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National Editorial & Columnists

Assessing ‘War on Poverty’

LBJ launched massive effort 50 years ago

Lyndon B. Johnson
"For the first time in our history, it is possible to conquer poverty," LBJ said in 1964.
Lyndon B. Johnson 1908-1973 "For the first time in our history, it is possible to conquer poverty," LBJ said in 1964.

Earlier this month – Jan. 8 – marked the 50th birthday of Lyndon Johnson’s “War on Poverty,” and it should surprise next to no one that both parties are trying to exploit the issue in their own unique if predictable ways, not just because they care in ways large or small about the plight of the poor but because ... well, did we mention that 2014 is an election year?

Where more than a few conservatives and Republicans are concerned, LBJ’s Great Society has been an abysmal failure, creating a crippling dependence on government while defining America’s slide into socialism, as evidenced by a record number of poor Americans, nearly 47 million.

The poor, they argue, are worse off than they were in 1964, and middle class taxpayers are, too.

More than a few liberals and Democrats would beg to differ, arguing that given the nation’s population growth – 125 million – the percentage of poor in fact has dropped in the past 50 years.

Poverty is a relative thing, with America’s poor far better off, for the most part, than their counterparts around the world.

For them, the programs created and/or expanded in the context of LBJ’s War on Poverty – Head Start, food stamps, unemployment compensation, Medicaid, etc. – have been a critical safety net and a lifeline that has put millions who otherwise wouldn’t have had a prayer over the top.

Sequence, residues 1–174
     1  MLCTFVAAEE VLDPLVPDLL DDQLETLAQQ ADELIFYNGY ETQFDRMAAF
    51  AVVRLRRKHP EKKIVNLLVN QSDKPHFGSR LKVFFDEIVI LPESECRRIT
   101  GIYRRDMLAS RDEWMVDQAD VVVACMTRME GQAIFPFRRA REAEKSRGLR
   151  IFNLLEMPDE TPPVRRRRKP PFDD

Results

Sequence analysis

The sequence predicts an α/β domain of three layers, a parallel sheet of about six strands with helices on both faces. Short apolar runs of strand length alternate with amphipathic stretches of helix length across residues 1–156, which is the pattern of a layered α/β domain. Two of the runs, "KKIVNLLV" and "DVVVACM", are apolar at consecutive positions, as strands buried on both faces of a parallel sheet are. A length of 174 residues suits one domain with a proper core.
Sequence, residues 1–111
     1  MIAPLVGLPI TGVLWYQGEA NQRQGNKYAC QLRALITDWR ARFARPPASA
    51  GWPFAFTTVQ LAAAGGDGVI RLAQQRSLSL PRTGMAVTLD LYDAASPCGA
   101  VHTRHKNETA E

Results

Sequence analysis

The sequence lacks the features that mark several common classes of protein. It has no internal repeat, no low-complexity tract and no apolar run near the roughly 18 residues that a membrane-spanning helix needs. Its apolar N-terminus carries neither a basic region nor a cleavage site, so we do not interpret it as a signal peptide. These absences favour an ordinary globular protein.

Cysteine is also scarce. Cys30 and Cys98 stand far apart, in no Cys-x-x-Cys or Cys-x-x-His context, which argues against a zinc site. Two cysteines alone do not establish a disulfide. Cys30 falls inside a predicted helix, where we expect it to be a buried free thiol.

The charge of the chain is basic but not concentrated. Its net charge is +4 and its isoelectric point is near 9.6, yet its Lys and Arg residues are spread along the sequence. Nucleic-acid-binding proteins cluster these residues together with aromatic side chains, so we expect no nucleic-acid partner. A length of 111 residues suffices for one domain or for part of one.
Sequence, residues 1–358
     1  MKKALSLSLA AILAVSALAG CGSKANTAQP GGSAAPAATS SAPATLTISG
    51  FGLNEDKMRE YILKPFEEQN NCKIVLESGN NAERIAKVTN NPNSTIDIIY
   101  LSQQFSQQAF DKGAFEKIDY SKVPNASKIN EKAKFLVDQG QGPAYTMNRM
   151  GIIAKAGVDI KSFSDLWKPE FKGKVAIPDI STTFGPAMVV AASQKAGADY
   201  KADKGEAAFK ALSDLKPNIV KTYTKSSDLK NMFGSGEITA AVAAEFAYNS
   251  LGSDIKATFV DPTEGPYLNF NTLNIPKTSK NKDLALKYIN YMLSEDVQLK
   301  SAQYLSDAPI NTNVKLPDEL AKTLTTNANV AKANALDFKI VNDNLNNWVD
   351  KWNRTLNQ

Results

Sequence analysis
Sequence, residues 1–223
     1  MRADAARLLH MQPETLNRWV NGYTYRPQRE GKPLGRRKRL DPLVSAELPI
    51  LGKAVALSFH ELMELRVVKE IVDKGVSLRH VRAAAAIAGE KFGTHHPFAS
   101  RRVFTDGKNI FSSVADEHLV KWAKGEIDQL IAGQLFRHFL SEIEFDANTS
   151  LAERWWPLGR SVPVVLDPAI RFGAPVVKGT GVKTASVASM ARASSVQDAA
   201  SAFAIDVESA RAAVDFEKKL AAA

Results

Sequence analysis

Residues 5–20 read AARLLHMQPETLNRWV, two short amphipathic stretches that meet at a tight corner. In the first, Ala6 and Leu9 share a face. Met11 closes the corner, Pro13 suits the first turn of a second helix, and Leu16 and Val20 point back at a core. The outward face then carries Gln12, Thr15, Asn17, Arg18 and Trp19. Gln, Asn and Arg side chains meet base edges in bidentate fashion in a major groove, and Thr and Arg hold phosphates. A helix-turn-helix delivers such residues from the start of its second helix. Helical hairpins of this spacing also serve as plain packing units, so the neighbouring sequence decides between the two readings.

There is an element of truth in what both sides have to say, as well as an element of self-serving, vote-counting nonsense.

From this vantage, Republicans have a steeper hill to climb in mounting the pedestal inscribed “Pals of the Poor,” especially following a 2012 presidential election in which their nominee expressed contempt for the so-called “47 percent” of Americans he considered “takers” rather than “makers.”

Since then, the party has sought significant cuts in programs that serve the underprivileged, such as food stamps.

There’s some validity in the old saw that teaching a man to fish is far preferable in the long run to giving him a fish to eat, but when you balk at funding even for job training programs, it starts to ring hollow.

Conversely, while Democrats may think they have the market cornered on compassion, GOP Sen. Marco Rubio of Florida has a point when he says that “while we have programs in place that help deal with the pain of poverty, they don’t deal with the structural problems” that perpetuate it, such as the dramatic rise in single-parent families.

Let’s face it, economic pain also can be self-inflicted. And sometimes Democrats can be generous, nonjudgmental, and forgiving to a fault, their apparent answer to every problem to just throw more of other people’s money at it while asking little or nothing of those on the receiving end.

As such, they open themselves to the charge of the “soft bigotry of low expectations,” to steal a phrase once used by George W. Bush.

When LBJ said 50 years ago that “for the first time in our history, it is possible to conquer poverty,” at least he had noble, if naive, intentions. We’re not so confident those laudable impulses still exist.

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